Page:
As most of the U.S. watches the returns for the 2022 midterm elections, it's interesting to look at the coverage from various news sources. While the internet obviously reigns supreme, many households across the country still turn to their televisions for all their news. Some even rely on old favorites to take them through the news cycle. And though familiarity can often breed contempt, sometimes folks just want what they know.
Way back at the beginning of television, three networks battled it out for viewers' attention. ABC, NBC, and CBS were known as the Big Three and they've spent decades building a base and a following.
At the time, it was easy to differentiate between them but nowadays things are a bit murkier than they once were. Where does ABC News stand politically? Is ABC News liberal? Here's what we know.
Is ABC News liberal?
In October 2014, Pew Research Center did a study on the media habits of Americans. Obviously, this is slightly outdated — and it should be noted that things were wildly different in a pre-Trump United States — but this is still a crackerjack of a study.
A chart created by the research center put various media outlets to the left or right based on ideology. ABC News fell just to the left, though not by much. In fact, one could describe ABC News as more centrist than liberal.
Despite its slightly liberal leanings, 30 percent of the Republicans polled still turned to ABC News as a reputable source. To no one's surprise, 60 percent of the Republicans in the study "got news from the Fox News cable network in the past week." Interestingly enough, the Democrats polled came in at 37 percent for ABC News, with CNN being their preferred television news source.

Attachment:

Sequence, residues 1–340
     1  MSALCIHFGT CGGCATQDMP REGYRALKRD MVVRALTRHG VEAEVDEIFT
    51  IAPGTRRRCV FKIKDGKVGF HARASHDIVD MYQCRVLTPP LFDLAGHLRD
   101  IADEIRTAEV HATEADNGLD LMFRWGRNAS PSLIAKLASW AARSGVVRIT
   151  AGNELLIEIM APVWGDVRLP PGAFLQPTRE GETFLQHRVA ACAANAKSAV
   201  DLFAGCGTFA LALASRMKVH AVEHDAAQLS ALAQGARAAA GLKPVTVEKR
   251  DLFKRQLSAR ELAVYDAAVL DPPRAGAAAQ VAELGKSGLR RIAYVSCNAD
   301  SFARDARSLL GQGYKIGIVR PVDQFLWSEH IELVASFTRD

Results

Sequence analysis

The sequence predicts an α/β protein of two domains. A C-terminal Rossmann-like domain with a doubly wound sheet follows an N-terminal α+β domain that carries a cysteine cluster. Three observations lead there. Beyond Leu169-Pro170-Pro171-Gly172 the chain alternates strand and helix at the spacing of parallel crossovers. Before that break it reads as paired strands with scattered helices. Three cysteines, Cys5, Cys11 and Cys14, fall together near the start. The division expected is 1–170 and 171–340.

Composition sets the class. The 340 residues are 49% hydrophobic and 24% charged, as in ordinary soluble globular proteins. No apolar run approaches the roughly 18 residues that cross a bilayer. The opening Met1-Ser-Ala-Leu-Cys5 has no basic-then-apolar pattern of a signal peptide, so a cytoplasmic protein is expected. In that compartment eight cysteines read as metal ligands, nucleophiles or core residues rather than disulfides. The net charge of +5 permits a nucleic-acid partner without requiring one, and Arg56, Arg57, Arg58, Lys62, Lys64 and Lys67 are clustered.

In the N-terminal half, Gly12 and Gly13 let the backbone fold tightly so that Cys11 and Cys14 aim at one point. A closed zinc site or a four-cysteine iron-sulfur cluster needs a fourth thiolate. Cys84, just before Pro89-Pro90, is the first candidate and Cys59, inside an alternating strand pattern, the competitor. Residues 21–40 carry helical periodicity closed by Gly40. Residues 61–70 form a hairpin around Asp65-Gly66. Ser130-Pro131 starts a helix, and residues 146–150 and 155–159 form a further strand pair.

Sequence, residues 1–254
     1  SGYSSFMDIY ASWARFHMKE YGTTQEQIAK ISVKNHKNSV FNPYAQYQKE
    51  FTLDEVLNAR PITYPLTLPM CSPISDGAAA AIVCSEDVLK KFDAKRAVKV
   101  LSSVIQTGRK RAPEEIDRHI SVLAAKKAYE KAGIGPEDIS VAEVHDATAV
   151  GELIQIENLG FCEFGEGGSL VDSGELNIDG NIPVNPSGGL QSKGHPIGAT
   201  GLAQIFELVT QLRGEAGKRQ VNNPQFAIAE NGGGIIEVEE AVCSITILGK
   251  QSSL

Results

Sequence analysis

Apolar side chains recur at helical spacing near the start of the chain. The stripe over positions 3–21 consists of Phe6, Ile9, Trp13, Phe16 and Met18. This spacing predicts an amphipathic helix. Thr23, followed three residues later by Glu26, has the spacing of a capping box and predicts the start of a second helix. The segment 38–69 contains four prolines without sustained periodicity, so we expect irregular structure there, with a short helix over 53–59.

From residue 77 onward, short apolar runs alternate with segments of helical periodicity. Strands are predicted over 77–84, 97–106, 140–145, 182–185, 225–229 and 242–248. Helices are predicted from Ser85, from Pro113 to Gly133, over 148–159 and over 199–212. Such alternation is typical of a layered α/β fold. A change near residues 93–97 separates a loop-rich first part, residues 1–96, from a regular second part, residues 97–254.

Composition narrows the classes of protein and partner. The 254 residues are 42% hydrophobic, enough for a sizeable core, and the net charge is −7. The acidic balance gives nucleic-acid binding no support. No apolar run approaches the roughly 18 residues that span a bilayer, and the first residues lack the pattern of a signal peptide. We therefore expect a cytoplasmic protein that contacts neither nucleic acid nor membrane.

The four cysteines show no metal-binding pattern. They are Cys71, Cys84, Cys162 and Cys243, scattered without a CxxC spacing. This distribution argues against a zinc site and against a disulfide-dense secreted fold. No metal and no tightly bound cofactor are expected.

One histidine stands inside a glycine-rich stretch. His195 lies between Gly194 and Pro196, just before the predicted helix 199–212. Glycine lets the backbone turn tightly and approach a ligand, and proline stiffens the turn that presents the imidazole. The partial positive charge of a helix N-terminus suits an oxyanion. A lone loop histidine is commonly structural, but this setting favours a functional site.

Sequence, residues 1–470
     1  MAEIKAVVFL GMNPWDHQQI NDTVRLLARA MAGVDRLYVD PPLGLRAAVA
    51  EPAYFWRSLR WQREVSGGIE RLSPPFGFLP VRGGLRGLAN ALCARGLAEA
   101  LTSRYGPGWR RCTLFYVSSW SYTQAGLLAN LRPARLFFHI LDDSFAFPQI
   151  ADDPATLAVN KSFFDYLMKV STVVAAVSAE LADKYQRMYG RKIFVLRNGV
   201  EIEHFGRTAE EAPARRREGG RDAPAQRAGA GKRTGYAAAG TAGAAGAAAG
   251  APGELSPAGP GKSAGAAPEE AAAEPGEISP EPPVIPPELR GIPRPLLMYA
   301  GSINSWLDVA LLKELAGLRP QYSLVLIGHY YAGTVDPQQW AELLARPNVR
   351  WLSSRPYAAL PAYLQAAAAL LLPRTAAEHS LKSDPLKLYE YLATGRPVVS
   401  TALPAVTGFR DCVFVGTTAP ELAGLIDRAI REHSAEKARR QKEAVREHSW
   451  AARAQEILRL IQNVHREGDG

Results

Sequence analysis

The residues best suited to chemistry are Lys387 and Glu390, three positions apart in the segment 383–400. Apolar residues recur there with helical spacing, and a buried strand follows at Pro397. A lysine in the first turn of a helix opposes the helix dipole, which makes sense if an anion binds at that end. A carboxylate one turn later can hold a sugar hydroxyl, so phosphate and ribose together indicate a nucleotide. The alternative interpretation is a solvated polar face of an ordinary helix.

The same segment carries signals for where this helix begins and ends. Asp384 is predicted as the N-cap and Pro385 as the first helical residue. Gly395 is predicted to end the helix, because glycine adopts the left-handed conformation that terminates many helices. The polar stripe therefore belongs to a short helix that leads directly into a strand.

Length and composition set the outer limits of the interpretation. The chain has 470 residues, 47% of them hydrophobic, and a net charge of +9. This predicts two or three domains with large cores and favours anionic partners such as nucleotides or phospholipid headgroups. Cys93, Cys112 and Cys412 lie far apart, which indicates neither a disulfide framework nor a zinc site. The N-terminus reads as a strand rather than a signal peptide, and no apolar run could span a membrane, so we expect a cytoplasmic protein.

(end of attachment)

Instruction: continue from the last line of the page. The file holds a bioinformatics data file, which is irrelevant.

Apparently, Americans think all news networks are liberal. If only!
According to an April 2019 Hollywood Reporter/Morning Consult poll, "Network news channels like ABC, CBS, and NBC, which strive toward impartiality in their reporting, were perceived by a significant margin to be 'more liberal' in their political lean than neutral," per the individuals asked.
Many folks still head to social media for news — though with Elon Musk's recent purchase of Twitter and the chaos that ensued, this could be up in the air as well. The Hollywood Reporter surveyed a "nationally representative sample of 2,201 adults from March 28 to April 2" who said that "they turn to network news as their daily news source over radio, cable, podcasts, and newspapers."
Of course, Raju Narisetti, a professor at Columbia University School of Journalism, made an obvious and interesting point about getting news via social media.
"It is a fatal, self-reinforcing blow that will only deepen as American local media continues to dry up," he said. "I am less worried about poll data on individual news brands because it also represents the overall noise around some of these brands, be it Fox News or The New York Times, as well as the fact that many of the same people don’t necessarily grasp that much of what they actually read on social media originates from original reporting in mainstream brands."